The year-long, multimillion pound European season came down to a mere £23,600 and one measly shot here yesterday, as Padraig Harrington inched past Paul Casey to win his first Order of Merit title. It was an afternoon overloaded with drama, when the calculator must often have seemed the most important tool in the protagonists' bags.
And the critics say this curtain-calling event does not mean anything. They should try asking Harrington, who, on becoming the third Irish winner of the Harry Vardon Trophy, was as proud as any have ever been. Or, if that does not convince them, then what about Casey, the Englishman who sat alone in the locker-room with his head in his hands? His emotions had not so much just been on a roller-coaster as put through a blender.
Indeed, as the holes ticked down in that enthralling last hour, it was forgivable to overlook the fact that India's Jeev Milkha Singh was on his way to winning the Volvo Masters - his most prestigious success by far. In the end, Singh was quite a cosy victor, too, having the comfort of two putts from four feet for a two-under total which secured the £667,000 first prize. But it was what had come to pass on that 18th green, 15 minutes before, that brought the biggest gasp.
By then, the maths were excruciatingly simple. If Sergio Garcia missed his 25-footer for par, then Harrington would move up into a three-way tie for joint second and would finish the 2006 campaign as European No 1. If Garcia holed it, then Casey would hang on. When the putt veered right, Harrington, watching on the television in the players' lounge with his family, started the celebrations, having at last made up for his two Order of Merit runner-up placings in 2001 and 2002.
He had arrived at Valderrama almost £150,000 behind Casey and, on a course he has never truly warmed to, did not overtly fancy his chances. "The bookies had Paul at 1-7 at the start of the week, and that was probably about right,'' he admitted. "But my focus was excellent all week. I never got down on myself, and I never chucked it in.''
He must have been tempted to, though, when he began his final round with two bogeys. Harrington had been four behind the lead when he teed off, but was now six adrift and, with Casey cruising in with a 69 to finish at four-over, Harrington realised that third would not be good enough. In fact, a four-way tie for second would not have been good enough either, although the Dubliner was not aware of that and neither could he have dwelt on it as he had so much ground to make up. But make it up he did, fearlessly, with birdies at the fourth, 11th, 14th and 16th and, when he arrived at the 17th tee, he was in the top four with silverware in sight.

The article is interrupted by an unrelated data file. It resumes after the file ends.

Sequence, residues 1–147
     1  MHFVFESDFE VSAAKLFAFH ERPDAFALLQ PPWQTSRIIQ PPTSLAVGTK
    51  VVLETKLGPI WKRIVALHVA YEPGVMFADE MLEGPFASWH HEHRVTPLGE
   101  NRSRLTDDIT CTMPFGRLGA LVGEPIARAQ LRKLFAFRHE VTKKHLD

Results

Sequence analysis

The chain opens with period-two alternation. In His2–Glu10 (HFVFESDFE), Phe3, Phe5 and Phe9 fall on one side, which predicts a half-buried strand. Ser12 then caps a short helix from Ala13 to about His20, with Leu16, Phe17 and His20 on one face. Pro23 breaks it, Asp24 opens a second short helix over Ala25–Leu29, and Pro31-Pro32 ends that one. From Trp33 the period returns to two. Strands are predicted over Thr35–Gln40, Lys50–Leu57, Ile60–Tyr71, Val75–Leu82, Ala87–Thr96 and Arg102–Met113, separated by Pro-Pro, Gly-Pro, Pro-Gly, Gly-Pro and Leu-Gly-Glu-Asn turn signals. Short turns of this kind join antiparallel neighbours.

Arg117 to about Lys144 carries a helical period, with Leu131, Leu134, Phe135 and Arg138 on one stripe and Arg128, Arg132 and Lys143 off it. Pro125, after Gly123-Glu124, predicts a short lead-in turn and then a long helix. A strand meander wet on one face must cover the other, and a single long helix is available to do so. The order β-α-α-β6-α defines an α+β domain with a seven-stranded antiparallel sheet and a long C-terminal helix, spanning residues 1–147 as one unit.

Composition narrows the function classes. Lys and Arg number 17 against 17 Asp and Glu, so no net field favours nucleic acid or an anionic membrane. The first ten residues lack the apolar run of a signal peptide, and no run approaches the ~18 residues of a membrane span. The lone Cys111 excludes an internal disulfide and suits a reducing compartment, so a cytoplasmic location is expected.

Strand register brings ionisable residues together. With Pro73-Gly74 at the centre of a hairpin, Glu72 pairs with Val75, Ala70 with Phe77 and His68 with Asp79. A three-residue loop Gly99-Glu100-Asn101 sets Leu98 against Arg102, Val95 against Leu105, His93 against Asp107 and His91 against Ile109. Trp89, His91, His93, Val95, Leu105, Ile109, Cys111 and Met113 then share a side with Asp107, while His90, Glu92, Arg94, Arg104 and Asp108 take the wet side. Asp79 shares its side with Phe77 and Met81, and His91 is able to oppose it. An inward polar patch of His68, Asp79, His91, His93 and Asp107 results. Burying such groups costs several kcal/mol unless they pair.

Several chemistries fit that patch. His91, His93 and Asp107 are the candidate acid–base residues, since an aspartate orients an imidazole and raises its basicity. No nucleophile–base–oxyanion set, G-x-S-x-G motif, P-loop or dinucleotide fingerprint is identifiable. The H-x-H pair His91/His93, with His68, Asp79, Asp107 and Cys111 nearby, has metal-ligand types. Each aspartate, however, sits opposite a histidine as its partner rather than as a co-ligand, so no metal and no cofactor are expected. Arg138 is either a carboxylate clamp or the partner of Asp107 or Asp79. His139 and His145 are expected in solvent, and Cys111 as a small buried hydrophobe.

But then he found the water in front of the green; but somehow managed to get up and down for par. Then he found the trees on the 18th, but somehow managed to play a lob-wedge from deep rough to three feet for par. And then, as Garcia started to wobble, and since Luke Donald was the only other player able to make it to the clubhouse at one-under, it suddenly began to dawn that those two miraculous saves were to be the clinchers.
"I'm so proud to be here,'' Harrington said. "When I started off 10 years ago, I would have been happy just to be a journeyman. You know, this is the 30th time I've come second in my career, and I've always said that sometimes second is a good result. This one has been more joyous than the rest, that's for sure.''
For Casey, the disappointment will indeed hurt, especially as he will inevitably come to feel that it all boiled down to a dodgy bowl of pasta. Understandably, he was too upset to talk after yesterday's cruel climax, although on Sunday he had pondered aloud how he might feel if denied at the last. "What would be frustrating would be the bug I picked up here before my first round,'' he said. "It stopped me from ever really being a force in the tournament and competing for the Order of Merit the way I would have wanted.''
Even then, Casey suspected that, with such proven performers as Garcia between Harrington and his required target, he would scrape through. Alas, the Spaniard's final-hole bogey was the costliest he has ever taken. From Casey's perspective, that is. For Harrington, it was priceless.
How they finished
Leading final places on the European Tour Order of Merit:
1 Padraig Harrington (Ire) £1,667,618
2 Paul Casey (Eng) £1,644,002
3 David Howell (Eng) £1,554,959
4 Robert Karlsson (Swe) £1,369,911